updated 03:55 pm EST, Mon February 2, 2009
First Look iPhoto '09
The flagship title in the iLife '09 suite is arguably iPhoto '09. The original 2002 version helped to shape the way people store and organize digital photos, and the newest version carries on the tradition of making it fun and easy to generate personal libraries.
The software's most prominent features are two new organizational tools, called Faces and Places, which complement the Events tool. Where Events organizes photos by the times images were captured, Faces uses face-recognition algorithms to identify the same people in different pictures. If you've captured pictures of your grandfather over a span of several years for instance, Faces can relate all of these pictures so you don't have to search for them individually.
To use Faces, you first find a photo of a person's face, then tag it with their name. The clearer a person's face, obviously, the more accurately Faces can identify someone.
After you link a face with a name, the program displays all tagged faces on a corkboard interface. By clicking on one, you can see additional photos in your library that include the same person.
The Faces algorithms are remarkably accurate, as a whole. During testing, selecting a blurry face in the background did in fact find another picture with the same person in it. When the Faces algorithm does fail however, it tends to do so by omitting images, rather than by including them. After you let Faces run a scan, you may thus need to skim a library to make sure it didn't miss anything.
Although Faces is designed to recognize humans, you can also use it to identify animals with varying degrees of precision. To improve accuracy, it's typically best to start with a clear, frontal angle of a face; for animals, success is also helped by the presence distinctive light colors. Faces is generally unable to discern the face of a black cat.
The Places feature is meant to operate in tandem with the iPhone and other GPS-enabled cameras, which can tag photos with geographical metadata. If your pictures are missing the information for whatever reason, you can still assign locations manually.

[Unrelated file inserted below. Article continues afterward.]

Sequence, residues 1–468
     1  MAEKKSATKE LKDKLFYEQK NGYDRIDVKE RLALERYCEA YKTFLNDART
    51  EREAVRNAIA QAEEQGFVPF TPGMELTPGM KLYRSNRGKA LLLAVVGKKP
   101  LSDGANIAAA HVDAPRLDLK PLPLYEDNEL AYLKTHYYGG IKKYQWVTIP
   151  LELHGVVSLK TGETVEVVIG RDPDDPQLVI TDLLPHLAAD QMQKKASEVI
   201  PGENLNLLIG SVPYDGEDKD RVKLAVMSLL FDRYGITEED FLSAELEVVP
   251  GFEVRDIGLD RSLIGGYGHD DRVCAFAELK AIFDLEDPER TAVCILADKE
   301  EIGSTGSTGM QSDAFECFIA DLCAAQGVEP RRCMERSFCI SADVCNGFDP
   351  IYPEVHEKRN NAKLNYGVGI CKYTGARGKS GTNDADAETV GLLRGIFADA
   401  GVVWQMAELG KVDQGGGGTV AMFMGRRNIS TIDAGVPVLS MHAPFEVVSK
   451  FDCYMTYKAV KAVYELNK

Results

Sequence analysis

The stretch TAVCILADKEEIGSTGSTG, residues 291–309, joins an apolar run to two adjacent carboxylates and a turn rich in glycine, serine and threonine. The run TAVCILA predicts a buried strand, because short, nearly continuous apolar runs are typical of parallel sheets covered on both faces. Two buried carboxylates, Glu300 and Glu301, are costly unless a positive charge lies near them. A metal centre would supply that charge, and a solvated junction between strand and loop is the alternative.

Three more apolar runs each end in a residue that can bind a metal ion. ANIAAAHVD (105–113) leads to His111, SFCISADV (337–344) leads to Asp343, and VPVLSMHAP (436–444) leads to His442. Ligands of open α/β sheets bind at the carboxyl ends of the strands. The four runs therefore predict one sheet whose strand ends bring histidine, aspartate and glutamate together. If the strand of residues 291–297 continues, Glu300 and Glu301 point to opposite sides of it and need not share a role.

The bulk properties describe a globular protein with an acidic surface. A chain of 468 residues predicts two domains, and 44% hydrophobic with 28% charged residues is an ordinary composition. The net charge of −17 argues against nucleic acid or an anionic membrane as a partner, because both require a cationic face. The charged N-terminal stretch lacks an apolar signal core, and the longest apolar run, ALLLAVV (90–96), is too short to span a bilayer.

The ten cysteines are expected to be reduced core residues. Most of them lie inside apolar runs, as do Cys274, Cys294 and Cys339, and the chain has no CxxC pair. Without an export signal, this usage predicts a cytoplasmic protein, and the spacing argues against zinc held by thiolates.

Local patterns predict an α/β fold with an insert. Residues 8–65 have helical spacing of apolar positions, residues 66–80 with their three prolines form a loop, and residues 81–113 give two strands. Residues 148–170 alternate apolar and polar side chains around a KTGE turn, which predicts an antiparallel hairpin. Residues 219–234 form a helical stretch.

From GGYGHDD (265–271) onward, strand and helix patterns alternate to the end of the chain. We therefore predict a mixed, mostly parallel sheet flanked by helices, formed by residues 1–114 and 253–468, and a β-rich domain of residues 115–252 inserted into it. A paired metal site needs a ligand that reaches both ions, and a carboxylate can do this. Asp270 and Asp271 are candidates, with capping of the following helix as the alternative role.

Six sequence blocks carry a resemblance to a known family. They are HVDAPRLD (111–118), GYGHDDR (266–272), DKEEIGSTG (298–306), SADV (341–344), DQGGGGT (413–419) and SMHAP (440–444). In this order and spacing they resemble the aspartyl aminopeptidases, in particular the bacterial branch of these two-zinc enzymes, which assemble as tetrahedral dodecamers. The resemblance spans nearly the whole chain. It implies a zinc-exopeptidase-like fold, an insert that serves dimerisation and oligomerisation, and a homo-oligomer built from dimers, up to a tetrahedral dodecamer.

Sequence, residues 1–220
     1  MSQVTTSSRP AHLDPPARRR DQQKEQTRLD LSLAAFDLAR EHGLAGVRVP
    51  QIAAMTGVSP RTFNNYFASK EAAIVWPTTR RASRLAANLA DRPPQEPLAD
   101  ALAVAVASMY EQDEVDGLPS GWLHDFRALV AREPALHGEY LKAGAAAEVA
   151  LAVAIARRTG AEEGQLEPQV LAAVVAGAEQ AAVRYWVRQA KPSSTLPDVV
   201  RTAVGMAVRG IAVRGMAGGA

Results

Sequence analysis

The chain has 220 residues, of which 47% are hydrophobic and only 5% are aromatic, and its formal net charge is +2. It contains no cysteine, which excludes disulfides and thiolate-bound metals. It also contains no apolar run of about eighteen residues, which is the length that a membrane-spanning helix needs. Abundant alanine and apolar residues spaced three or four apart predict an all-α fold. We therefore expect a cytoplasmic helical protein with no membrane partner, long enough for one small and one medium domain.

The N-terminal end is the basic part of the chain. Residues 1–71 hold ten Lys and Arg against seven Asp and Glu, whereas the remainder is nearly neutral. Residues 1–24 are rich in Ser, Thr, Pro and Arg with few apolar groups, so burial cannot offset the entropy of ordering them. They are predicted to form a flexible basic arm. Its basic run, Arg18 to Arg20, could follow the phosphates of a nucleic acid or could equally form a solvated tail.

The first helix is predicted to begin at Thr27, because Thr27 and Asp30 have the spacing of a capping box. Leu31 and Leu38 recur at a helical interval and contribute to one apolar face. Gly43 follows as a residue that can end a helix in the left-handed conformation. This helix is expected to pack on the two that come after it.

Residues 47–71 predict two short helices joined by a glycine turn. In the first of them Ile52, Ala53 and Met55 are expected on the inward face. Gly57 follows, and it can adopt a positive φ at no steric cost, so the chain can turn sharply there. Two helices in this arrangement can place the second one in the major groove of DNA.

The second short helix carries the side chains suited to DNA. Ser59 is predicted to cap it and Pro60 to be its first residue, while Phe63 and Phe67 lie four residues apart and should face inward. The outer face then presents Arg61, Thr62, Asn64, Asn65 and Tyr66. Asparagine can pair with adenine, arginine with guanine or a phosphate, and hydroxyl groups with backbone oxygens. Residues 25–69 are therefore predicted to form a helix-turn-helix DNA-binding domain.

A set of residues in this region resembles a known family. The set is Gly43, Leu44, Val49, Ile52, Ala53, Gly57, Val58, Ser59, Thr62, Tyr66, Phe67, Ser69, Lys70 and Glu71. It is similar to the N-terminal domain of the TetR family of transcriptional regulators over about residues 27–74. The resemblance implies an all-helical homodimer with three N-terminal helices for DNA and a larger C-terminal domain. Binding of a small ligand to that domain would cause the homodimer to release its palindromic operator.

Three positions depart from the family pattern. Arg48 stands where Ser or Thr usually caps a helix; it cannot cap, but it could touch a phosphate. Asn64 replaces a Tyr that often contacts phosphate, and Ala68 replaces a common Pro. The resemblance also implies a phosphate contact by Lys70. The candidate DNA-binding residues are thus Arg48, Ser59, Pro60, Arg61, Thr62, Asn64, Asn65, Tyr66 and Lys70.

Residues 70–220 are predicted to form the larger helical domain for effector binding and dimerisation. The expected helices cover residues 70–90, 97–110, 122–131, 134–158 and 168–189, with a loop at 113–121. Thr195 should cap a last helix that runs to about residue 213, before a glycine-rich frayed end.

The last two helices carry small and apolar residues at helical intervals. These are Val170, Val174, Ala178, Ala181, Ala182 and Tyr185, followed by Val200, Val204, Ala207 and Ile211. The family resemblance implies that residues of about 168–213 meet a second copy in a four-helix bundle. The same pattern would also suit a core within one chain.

One the metadata is in, you can then select only those images from a particular area by clicking its location on a map. The combination of automatically sorting pictures by people (Faces), locations (Places) and times (Events) gives you multiple ways to slice and dice a library, ensuring there will always be some means of hunting for an obscure photo.
Organizing pictures is, at best, only part of the fun of collecting them. The main purpose is typically to show them to others, so iPhoto '09 includes two sharing methods: slideshows and online distribution.
The slideshow feature offers several themes, complete with music, titles and visual effects. The bottom of the screen displays thumbnails, used to drag and drop slides into different orders. When you're happy with the way a presentation appears, you can export it as a QuickTime movie, so you can view it on a handheld or a computer.
If you have a Flickr, Facebook or MobileMe account, you can upload images directly to a website as a gallery. You can also attach a photo to an e-mail message; the default client is Mail, but you can modify the Preferences settings to use another one, such as Eudora or Entourage.
If you enjoy sorting, viewing and sharing photos, iPhoto's new features may offer a compelling reason to upgrade. Toss in the program's slightly enhanced editing tools, and you may find iPhoto alone worth the $79 price for the entire iLife '09 suite.
It should be noted that despite a greater emphasis on the Faces feature, its occasional omissions and inaccuracies make it less useful than Places, whether you use a GPS-enabled camera or not. If you already use iPhoto, you probably don't need the latest version -- but after seeing what it can do, you'll definitely want it.